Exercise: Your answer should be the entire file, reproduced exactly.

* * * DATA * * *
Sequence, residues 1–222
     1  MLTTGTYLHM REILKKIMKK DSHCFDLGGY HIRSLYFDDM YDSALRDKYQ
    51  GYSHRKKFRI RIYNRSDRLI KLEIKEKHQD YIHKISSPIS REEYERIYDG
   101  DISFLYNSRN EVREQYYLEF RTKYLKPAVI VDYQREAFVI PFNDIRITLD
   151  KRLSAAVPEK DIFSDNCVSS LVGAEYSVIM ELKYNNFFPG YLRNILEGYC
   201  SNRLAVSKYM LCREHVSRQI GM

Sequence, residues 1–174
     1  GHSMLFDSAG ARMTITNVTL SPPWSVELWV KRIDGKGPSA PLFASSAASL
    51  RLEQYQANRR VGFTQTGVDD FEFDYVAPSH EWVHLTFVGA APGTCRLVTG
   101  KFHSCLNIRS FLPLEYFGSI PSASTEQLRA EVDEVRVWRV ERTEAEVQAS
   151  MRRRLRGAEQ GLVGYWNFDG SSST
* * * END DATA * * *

Sequence, residues 1–222
     1  MLTTGTYLHM REILKKIMKK DSHCFDLGGY HIRSLYFDDM YDSALRDKYQ
    51  GYSHRKKFRI RIYNRSDRLI KLEIKEKHQD YIHKISSPIS REEYERIYDG
   101  DISFLYNSRN EVREQYYLEF RTKYLKPAVI VDYQREAFVI PFNDIRITLD
   151  KRLSAAVPEK DIFSDNCVSS LVGAEYSVIM ELKYNNFFPG YLRNILEGYC
   201  SNRLAVSKYM LCREHVSRQI GM

Sequence, residues 1–174
     1  GHSMLFDSAG ARMTITNVTL SPPWSVELWV KRIDGKGPSA PLFASSAASL
    51  RLEQYQANRR VGFTQTGVDD FEFDYVAPSH EWVHLTFVGA APGTCRLVTG
   101  KFHSCLNIRS FLPLEYFGSI PSASTEQLRA EVDEVRVWRV ERTEAEVQAS
   151  MRRRLRGAEQ GLVGYWNFDG SSST